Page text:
Southwest Research Institute® (SwRI®) NewsPrinter Friendly Version
First results from the Plasma Experiment for Planetary Exploration (PEPE)
San Antonio -- April 6, 1999 -- Scientists and engineers from Southwest Research Institute® (SwRI®) and the Los Alamos National Laboratory have announced initial results from the novel PEPE instrument carried on the Deep Space 1 (DS1) spacecraft, part of NASA's New Millennium Program.
According to Dr. David Young of SwRI, the principal investigator for the data analysis phase of the DS1 mission and spokesman for the PEPE team, the new instrument observed charged xenon particles returning to the spacecraft from the 1 ampere exhaust plume of the ion propulsion jet. At the same time, PEPE data have been used to place limits on electrical charging of the DS1 spacecraft. Taken together, these data suggest that the ion drive engine used to propel the spacecraft can indeed be used to power future scientific missions without interfering with the scientific payload. Before now, the use of such an engine in space had been unproved.
PEPE incorporates a half-dozen new technologies that will make future space plasma instruments smaller and less expensive. Among these is a novel time-of-flight mass spectrometer that measures the composition of charged atomic particles (ions) coming from asteroid 1992 KD, the target of the DS1 mission. Other technologies include high performance power supplies operating at up to 15,000 volts but weighing just over 100 grams.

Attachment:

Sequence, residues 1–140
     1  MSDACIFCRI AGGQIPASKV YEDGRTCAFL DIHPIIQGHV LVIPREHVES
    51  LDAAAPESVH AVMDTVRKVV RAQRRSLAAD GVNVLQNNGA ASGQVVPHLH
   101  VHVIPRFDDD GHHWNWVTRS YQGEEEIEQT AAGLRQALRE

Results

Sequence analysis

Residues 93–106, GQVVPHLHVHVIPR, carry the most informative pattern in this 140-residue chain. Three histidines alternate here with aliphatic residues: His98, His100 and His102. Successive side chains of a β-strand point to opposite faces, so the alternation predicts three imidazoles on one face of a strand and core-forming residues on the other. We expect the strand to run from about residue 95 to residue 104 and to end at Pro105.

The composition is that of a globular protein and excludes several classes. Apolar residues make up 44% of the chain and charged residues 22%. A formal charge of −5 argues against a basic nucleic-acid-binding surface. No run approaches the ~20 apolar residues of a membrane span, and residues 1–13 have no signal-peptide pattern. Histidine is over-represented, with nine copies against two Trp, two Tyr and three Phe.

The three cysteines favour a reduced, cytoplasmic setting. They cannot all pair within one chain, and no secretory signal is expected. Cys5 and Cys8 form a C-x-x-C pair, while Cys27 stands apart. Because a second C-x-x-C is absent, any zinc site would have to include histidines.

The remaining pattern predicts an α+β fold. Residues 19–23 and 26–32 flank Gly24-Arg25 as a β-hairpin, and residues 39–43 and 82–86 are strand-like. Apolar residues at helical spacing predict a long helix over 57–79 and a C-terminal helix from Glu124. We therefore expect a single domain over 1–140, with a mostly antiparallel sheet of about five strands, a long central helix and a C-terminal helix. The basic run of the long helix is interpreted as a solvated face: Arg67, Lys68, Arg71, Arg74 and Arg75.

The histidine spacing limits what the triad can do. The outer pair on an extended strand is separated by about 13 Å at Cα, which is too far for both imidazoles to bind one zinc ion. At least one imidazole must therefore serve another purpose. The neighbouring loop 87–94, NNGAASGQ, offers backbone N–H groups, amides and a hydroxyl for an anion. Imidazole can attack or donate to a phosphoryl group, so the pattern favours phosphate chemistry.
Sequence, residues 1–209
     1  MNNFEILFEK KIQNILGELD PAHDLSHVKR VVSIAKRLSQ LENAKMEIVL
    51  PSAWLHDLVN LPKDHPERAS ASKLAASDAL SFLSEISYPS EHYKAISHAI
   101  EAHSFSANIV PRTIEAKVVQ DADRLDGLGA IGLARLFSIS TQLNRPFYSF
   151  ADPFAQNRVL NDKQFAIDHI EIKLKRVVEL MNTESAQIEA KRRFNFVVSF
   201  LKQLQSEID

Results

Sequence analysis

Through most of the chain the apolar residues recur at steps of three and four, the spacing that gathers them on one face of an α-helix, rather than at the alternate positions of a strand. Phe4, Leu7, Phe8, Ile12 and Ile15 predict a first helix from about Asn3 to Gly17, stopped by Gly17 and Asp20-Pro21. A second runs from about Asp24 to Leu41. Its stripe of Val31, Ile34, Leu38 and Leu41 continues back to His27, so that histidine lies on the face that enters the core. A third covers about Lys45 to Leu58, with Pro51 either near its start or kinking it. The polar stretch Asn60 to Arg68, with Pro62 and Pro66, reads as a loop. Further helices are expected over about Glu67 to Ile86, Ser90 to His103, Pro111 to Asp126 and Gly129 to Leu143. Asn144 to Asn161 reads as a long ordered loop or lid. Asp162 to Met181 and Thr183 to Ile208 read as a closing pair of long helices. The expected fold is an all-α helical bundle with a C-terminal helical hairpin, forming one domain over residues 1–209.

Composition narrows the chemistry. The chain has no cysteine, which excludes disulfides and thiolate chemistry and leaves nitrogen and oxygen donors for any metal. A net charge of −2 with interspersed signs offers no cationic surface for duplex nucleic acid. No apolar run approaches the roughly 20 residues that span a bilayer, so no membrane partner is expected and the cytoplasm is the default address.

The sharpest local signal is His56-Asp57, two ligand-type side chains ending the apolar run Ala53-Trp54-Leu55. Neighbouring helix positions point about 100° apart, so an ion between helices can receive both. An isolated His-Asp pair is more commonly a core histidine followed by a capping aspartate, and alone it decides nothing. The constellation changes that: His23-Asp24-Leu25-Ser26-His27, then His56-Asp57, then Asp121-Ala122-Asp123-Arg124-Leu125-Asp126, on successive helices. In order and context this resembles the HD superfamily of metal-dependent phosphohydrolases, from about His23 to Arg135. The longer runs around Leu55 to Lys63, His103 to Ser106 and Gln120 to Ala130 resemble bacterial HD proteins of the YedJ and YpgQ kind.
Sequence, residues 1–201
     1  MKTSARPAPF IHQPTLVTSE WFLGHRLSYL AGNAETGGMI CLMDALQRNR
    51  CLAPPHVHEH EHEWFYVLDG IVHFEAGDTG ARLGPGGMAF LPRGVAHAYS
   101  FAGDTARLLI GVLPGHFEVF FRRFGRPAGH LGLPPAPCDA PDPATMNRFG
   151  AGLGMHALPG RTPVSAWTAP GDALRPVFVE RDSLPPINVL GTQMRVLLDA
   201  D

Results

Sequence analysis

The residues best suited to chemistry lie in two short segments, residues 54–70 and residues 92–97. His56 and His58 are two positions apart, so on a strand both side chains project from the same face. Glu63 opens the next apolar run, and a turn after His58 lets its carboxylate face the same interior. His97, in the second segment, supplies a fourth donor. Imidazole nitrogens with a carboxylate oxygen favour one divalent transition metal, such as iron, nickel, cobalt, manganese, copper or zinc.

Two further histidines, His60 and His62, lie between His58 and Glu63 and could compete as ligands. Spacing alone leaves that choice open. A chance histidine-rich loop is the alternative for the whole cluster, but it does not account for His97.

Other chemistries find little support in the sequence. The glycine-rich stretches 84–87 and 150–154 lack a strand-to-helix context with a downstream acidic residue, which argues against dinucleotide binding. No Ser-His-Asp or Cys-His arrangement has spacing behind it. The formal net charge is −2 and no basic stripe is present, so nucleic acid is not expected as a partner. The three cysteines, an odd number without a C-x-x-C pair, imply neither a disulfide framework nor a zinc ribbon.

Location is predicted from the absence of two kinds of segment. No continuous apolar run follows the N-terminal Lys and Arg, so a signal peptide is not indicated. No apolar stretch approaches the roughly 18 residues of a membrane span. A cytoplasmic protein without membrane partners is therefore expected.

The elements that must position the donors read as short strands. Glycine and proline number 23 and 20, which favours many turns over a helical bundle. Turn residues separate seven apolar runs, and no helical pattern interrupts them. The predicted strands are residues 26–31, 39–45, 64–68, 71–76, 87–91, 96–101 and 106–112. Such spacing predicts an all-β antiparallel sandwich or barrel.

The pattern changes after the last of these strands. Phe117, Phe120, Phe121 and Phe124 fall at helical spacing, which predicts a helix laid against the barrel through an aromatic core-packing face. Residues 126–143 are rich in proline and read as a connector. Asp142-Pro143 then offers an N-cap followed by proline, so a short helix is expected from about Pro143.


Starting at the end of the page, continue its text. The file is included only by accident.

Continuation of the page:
PEPE also incorporates novel ion and electron optical systems that eliminate complex motors otherwise needed to steer a plasma instrument's line of sight. Young said that PEPE has achieved most of its technical goals: It weighs about 25 percent of the mass and uses 50 percent of the power of a comparably performing SwRI instrument on NASA's Cassini spacecraft, while costing about 75 percent less. During January, the PEPE team took advantage of favorable alignment of the DS1 and Cassini spacecraft to measure the solar wind at both locations while separated by a distance of nearly 40,000,000 miles.
Young indicated that these initial PEPE measurements of the solar wind confirm that the instrument will be able to detect extremely low densities of ions and electrons during the planned DS1 encounters with the asteroid. For ions, the lowest detectable density is about 1 ion per 100 cubic centimeters, and for electrons it is ten times less. This means that PEPE has a good chance of providing the first plasma sensor detection of an asteroid and should give the first indication of the composition of asteroid surface materials that are constantly knocked off the asteroid surface by the solar wind.
For more information about PEPE, contact Maria Martinez, Communications Department, Southwest Research Institute, P.O. Drawer 28510, San Antonio, Texas 78228-0510, Phone (210) 522-3305, Fax (210) 522-3547.